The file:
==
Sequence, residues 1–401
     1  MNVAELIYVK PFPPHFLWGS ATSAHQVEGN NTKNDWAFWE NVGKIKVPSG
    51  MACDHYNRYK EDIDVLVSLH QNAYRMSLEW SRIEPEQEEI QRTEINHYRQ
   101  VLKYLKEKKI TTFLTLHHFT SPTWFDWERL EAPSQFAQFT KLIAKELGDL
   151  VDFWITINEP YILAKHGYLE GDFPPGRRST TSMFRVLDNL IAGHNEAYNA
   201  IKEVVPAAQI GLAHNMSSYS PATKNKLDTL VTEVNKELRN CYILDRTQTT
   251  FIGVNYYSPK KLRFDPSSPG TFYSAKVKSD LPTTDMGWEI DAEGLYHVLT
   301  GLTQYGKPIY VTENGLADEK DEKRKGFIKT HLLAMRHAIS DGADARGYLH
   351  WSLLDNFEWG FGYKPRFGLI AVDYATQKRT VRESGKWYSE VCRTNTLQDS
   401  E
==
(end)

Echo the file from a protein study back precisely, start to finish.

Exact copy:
Sequence, residues 1–401
     1  MNVAELIYVK PFPPHFLWGS ATSAHQVEGN NTKNDWAFWE NVGKIKVPSG
    51  MACDHYNRYK EDIDVLVSLH QNAYRMSLEW SRIEPEQEEI QRTEINHYRQ
   101  VLKYLKEKKI TTFLTLHHFT SPTWFDWERL EAPSQFAQFT KLIAKELGDL
   151  VDFWITINEP YILAKHGYLE GDFPPGRRST TSMFRVLDNL IAGHNEAYNA
   201  IKEVVPAAQI GLAHNMSSYS PATKNKLDTL VTEVNKELRN CYILDRTQTT
   251  FIGVNYYSPK KLRFDPSSPG TFYSAKVKSD LPTTDMGWEI DAEGLYHVLT
   301  GLTQYGKPIY VTENGLADEK DEKRKGFIKT HLLAMRHAIS DGADARGYLH
   351  WSLLDNFEWG FGYKPRFGLI AVDYATQKRT VRESGKWYSE VCRTNTLQDS
   401  E